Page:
My current research interests focus on meaning-making, identity-creation, and social cohesion in marginalized groups, with a particular interest in identifying the mechanisms that are responsible for social cohesion. Although currently situated in what could be considered “positive” subcultures, my intent is to develop a lens through which to investigate socially deleterious subcultures as well. My research agenda creates space for undergraduate and graduate students to participate and publish, as well.
Areas of interest: culture, group behavior, social movements, emotion, inequality, qualitative methods, theory, social psychology
Several years ago, at the Gen Con gaming convention in Indianapolis, Indiana, I met a blaster-carrying stormtrooper who, below the midsection of his white, molded armor, wore a grey plaid kilt with knee-high white socks. I later met more stormtroopers—but when I mentioned their kilt-wearing kin, they sneered: he was not a real storm trooper.
Neither were they. They were adults; cosplayers, each wearing $1,000 or more in plastic armor and carrying fake weapons. Cosplay—from costume play—refers both to the costume and to the activity of dressing as a character, often from comic books, science fiction/fantasy print genres, board and video games, television shows and movies, and the Japanese art forms manga and anime. Individuals that engage in cosplay may do so in small, local groups, or they may attend gaming, comic book, or other types of conventions (collectively called “cons”) that attract tens of thousands of participants. Gen Con, for example, celebrated its 51st year in 2018 with a record attendance of over 60,000 unique attendees, and other cons are even larger. Cosplay has become an important part of these cons, and many have incorporated cosplay into their official agenda. Cosplay is a thriving, growing, international subculture, and yet sociology has largely ignored the phenomenon; very little has been published on cosplay, and most of what exists focuses only on manga and anime, which represent a sliver of the broader culture.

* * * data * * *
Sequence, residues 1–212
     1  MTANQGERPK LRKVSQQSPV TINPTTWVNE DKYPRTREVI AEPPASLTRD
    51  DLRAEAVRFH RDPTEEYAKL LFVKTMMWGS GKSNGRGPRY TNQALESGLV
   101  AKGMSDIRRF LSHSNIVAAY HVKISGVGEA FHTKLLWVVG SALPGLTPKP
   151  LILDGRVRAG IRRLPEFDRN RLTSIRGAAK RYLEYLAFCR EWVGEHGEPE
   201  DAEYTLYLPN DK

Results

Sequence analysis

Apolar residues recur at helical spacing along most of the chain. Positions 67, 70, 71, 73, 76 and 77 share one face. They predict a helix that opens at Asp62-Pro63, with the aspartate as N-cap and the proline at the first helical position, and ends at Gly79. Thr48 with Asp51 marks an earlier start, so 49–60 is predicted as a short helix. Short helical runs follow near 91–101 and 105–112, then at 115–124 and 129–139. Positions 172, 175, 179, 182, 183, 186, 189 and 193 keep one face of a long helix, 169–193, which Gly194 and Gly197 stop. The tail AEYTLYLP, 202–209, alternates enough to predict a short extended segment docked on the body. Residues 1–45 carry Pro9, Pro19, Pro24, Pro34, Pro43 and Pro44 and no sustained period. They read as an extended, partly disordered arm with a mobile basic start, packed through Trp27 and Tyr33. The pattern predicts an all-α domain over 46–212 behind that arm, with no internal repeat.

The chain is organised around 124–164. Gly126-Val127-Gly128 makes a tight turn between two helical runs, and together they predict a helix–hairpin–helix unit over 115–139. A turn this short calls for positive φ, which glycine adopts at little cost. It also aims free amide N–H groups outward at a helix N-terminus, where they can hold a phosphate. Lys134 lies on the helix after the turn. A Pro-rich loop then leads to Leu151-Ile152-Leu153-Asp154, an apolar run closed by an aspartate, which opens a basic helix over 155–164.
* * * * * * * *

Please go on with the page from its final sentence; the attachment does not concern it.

Cosplay culture values diversity, equity, and inclusion in both principle and practice, and centers around a three-part paradox: (1) cosplayers simultaneously sublimate their identity (to the character) and often (2) presenting themselves as a more “authentic” identity, all within a subculture that is (3) largely denigrated by the dominant culture as juvenile and strange. It is this tension between personal and social identity, boundary-work, and belonging/social cohesion that most interests me. In addition to sociological research and publications, this project has the potential to support other research projects both within and outside of the social sciences. Preliminary research suggests, for example, that questions of body (such as body image and disability), gender and sexuality, race, class, mental health, culture, art, language, and diversity/inclusion would all be valuable lenses through which to view the cosplay community. For example, cosplayers frequently breach racial and gender boundaries in their cosplay, thus blurring established boundaries, effectively creating a new, bounded culture in which acceptance of difference is a core value.
My current interest in identity and belonging in the cosplay subculture grew from my dissertation research on social cohesion within the deadhead community. Dead and Still Grateful: Deriving Mechanisms of Social Cohesion from Deadhead Culture focuses on mechanisms that create and maintain social cohesion, with Deadhead culture as the empirical lens. For over 50 years, Deadheads—fans of the rock ‘n’ roll jam band The Grateful Dead—have created and participated in temporary communities connected over time and space by a distinct set of values, norms, language and economy. Drawing on interviews, surveys, and seven years of participant-observation, I concluded that identity, ritual behavior, and religion function as mechanisms to create social cohesion within the Deadhead community. I then used that data to induct a set of mechanisms to be tested against future research.